Thousands Flee Laukkai Clashes
By Nan Lwin Hnin Pwint 10 March 2017
RANGOON—Thousands of people including locals and migrant workers have fled clashes between the Burma Army and the Northern Alliance in Laukkai, the administrative capital of the ethnic Kokang region of Shan State.
People have been fleeing the area since renewed clashes broke out on March 6. More than 20,000 have reportedly fled to border camps in China, and more than 2,000 arrived in Mandalay on Thursday after taking shelter in Man Su Monastery in Lashio, according to U Pinna Nanda, the abbot of the monastery.
“There are more migrants from around the country than Laukkai locals,” he said, adding that local civil society organizations (CSOs) and government officials had provided aid for the people.
Ko Thant Zin, a volunteer helping war victims in Laukkai, said people without documents to cross the border were escaping to China through the forest. China’s Foreign Ministry said on Thursday that more than 20,000 people from northern Shan State had flooded into its border camps in recent months.
Around 1 a.m. on March 6, Kokang armed ethnic troops raided hotels and casinos in Laukkai and carried out attacks on police stations and Burma Army outposts on the China-Burma border.
The Northern Alliance coalition, which includes the Kachin Independence Army (KIA), Ta’ang National Liberation Army (TNLA), Myanmar National Democratic Alliance Army (MNDAA) and Arakan Army (AA), was involved in the attacks.
Burma’s State Counselor’s Office released a statement on Monday claiming that five civilians and five traffic police officers died in the clashes. Around 20 burnt bodies were found, the statement said, and four traffic police officers were taken hostage.
Clashes continued the following day with both sides yet to release new statements.
Hotels, markets, restaurants, casinos and other businesses have been shut down because of the fighting, making thousands of internal migrant workers redundant overnight.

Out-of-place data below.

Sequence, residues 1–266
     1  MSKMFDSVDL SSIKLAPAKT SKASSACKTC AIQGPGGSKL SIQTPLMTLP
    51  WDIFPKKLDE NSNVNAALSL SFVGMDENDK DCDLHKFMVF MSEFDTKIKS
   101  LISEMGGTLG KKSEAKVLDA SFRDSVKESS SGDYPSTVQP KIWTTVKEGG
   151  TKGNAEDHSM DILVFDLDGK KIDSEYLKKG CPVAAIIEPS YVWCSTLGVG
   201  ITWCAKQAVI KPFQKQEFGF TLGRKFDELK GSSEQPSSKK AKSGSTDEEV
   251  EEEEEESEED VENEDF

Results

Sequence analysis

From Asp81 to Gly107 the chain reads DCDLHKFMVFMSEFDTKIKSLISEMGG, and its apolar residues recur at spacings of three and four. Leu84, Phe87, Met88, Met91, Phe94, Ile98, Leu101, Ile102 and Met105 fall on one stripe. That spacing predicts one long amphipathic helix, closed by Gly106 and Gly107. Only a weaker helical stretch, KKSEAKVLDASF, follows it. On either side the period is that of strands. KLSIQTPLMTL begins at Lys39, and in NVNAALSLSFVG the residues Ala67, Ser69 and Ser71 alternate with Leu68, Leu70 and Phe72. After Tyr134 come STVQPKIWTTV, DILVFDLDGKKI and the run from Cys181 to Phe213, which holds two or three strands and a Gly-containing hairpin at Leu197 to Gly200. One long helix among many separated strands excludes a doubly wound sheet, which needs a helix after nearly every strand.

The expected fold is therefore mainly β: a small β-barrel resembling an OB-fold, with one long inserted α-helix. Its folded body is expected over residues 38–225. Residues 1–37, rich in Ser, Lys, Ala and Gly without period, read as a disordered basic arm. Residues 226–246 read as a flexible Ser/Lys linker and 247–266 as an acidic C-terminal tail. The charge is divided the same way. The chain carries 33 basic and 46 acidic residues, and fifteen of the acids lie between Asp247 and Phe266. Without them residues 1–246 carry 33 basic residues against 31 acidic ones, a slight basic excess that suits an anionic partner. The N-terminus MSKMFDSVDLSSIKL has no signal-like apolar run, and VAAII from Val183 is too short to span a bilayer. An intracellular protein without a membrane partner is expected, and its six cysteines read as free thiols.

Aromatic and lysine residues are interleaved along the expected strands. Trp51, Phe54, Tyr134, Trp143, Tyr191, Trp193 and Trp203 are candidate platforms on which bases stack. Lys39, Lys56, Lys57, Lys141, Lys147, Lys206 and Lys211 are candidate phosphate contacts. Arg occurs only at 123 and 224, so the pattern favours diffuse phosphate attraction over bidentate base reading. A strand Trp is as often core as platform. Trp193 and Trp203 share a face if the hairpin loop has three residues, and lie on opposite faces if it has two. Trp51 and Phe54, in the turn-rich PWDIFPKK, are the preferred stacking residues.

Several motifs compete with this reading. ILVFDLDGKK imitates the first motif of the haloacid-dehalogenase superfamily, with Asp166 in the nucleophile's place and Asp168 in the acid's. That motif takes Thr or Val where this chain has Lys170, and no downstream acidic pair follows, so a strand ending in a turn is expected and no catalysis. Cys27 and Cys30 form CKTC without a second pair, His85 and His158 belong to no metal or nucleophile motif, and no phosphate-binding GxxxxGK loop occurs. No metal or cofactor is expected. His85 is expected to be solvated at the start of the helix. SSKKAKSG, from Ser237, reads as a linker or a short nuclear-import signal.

Volunteer U Sithu Tun said most of the migrant workers are from central Burma and work on sugarcane plantations among other businesses.
“Some don’t have the money to go back,” he said. “We are also helping them. This time, the fighting is different from the clashes in 2015. The military has tightened security because the other side wore plain clothes when they launched the attacks.”
In February 2015, MNDAA troops, who were trying to retake the Kokang Self-Administered Zone, attacked Burma Army outposts outside Laukkai. The fighting lasted for four months before the MNDAA declared a unilateral ceasefire in June.
A police officer in Laukkai who asked for anonymity said Burma Army troops were deployed in the town and there were ongoing clashes in the surrounding area.
Tensions have remained high between Burma Army and Northern Alliance troops since last November when the alliance launched attacks on military outposts and police posts at the Muse 105th Mile Border Trade Zone and in Mong Ko in northern Shan State. The coalition said that the attacks were intended to counter the Burma Army’s continuous assaults on its mountain outposts.